15 posts tagged "Cathy Horyn"
In the waning hours of 2012, New York Times critic Cathy Horyn took to her blog to weigh in on her favorites of the year and the bright spots of the year to come. Among the winners were likely choices such as Dior and Céline, but more unusual was La Horyn’s calling out of a few key Spring ad campaigns. Two of her three picks—Inez and Vinoodh’s for Miu Miu and Steven Meisel’s for Prada—you’ve already seen on Style File. The third is Mario Sorrenti’s for Max Mara: “The approach is reductive and strong,” she wrote. “You suspect he said, ‘Let’s just make something that is beautiful.’ ” In the service of displaying and promoting the beautiful, here it is.
The critic’s role is a tough one, and any good critic is bound to ruffle feathers now and again. Fashion’s critics are no different—just ask Cathy Horyn, who today found herself on the receiving end of an open letter from Oscar de la Renta, taking her to task for calling him a “hot dog” in a review of his Spring ’13 collection. (His retort included the suggestion that she might be a “3-day old stale hamburger.”) But the critic’s role is an important one, and one that Interview chose to pay tribute to in its latest issue. Patrick Demarchelier shot critics including Suzy Menkes, Virginie Mouzat, Horyn, and Style.com’s own Tim Blanks (left) for its roundup of fashion’s most distinguished observers. We’re proud that Tim’s reviews (and runway reels) are a mainstay of our fashion week coverage. Follow along all season here at Style.com.
According to the New York Times, the long-vacant (well, semi-vacant) head job at Dior has been filled: by former Jil Sander creative director Raf Simons. (“Semi-vacant” because since the departure of John Galliano last March, Dior’s collections have been designed by his longtime studio head, Bill Gaytten, who also designs Galliano’s namesake collection; Gaytten’s future at Dior is not known.) Simons had been mentioned many times over the past months as a leading candidate for the job, but until recently was ensconced at Jil Sander. His dramatic departure from the house, announced three days before his triumphant final collection, may have paved the way to the new role. “The first time I heard about the Dior position,” Simons told the Times‘ Cathy Horyn, “I thought, ‘This feels right.’ ” Many will no doubt agree—including, perhaps, Galliano himself. According to Horyn’s sources, the former Dior designer expressed admiration for Simons’ Fall ’12 Jil Sander show.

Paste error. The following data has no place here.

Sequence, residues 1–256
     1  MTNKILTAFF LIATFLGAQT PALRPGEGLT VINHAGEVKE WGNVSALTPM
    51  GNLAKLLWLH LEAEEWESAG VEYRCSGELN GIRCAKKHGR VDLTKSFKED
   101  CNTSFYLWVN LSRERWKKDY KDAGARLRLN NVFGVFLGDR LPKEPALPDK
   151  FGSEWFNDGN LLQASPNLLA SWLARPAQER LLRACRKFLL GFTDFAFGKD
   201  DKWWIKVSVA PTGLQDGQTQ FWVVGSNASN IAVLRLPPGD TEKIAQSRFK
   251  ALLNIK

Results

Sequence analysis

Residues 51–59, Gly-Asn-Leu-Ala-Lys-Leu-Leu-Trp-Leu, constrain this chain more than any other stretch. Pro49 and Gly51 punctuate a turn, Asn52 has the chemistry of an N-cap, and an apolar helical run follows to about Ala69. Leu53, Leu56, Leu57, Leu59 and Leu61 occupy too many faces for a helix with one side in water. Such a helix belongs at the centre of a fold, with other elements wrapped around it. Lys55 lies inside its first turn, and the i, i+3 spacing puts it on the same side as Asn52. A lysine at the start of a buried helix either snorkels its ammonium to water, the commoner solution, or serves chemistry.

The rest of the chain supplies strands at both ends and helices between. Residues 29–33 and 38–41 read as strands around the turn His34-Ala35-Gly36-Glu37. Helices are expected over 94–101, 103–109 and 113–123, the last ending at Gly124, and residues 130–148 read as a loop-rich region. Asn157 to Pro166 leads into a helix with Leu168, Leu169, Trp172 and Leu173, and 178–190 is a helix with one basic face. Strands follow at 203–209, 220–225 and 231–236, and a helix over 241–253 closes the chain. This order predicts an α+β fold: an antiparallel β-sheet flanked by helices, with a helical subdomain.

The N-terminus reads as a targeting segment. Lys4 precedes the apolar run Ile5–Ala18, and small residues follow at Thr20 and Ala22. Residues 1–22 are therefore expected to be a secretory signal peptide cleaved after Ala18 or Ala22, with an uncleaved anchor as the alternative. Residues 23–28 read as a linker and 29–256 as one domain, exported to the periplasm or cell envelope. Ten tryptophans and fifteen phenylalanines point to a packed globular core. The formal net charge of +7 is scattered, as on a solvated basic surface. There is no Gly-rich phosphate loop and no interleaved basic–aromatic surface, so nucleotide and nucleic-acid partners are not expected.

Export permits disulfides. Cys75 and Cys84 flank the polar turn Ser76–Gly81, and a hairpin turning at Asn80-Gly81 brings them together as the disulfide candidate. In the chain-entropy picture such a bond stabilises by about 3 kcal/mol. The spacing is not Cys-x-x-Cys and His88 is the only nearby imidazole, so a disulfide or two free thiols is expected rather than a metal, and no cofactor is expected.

The equestrian parade continues. The day after Givenchy’s horsey Fall collection, Gucci has announced that Monégasque princess Charlotte Casiraghi (above, at the Cartier International Dubai Polo Challenge earlier this year) will be the face of its forthcoming equestrian-themed Forever Now campaign by photographer Peter Lindbergh. [Vogue U.K.]
In a candid moment, Stella McCartney acknowledged that she still finds the fashion industry “intimidating.” “I don’t go into shops much now, but I used to find it really daunting,” the designer said. McCartney has a shop of her own opening later this week: a second London outpost. [Vogue U.K.]
The cogitating around Raf Simons’ departure continues. In a new piece, the Times‘ Cathy Horyn considers the diminishing role of designers. “[You] sense that designers, their talents apart, are being used in a dreary chess game of brand power,” she writes. [NYT]
Speaking of designer change-ups, Maxime Simoens is reportedly leaving his position at Leonard. While the French designer retains his own namesake label, he is rumored to be in contact with Dior executives. [WWD]